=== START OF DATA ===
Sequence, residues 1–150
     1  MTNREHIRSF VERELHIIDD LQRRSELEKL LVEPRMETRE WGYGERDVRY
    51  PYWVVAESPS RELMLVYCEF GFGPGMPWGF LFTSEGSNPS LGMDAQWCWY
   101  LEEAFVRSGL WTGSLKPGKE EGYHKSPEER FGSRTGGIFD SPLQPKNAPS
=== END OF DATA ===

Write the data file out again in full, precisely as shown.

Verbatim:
Sequence, residues 1–150
     1  MTNREHIRSF VERELHIIDD LQRRSELEKL LVEPRMETRE WGYGERDVRY
    51  PYWVVAESPS RELMLVYCEF GFGPGMPWGF LFTSEGSNPS LGMDAQWCWY
   101  LEEAFVRSGL WTGSLKPGKE EGYHKSPEER FGSRTGGIFD SPLQPKNAPS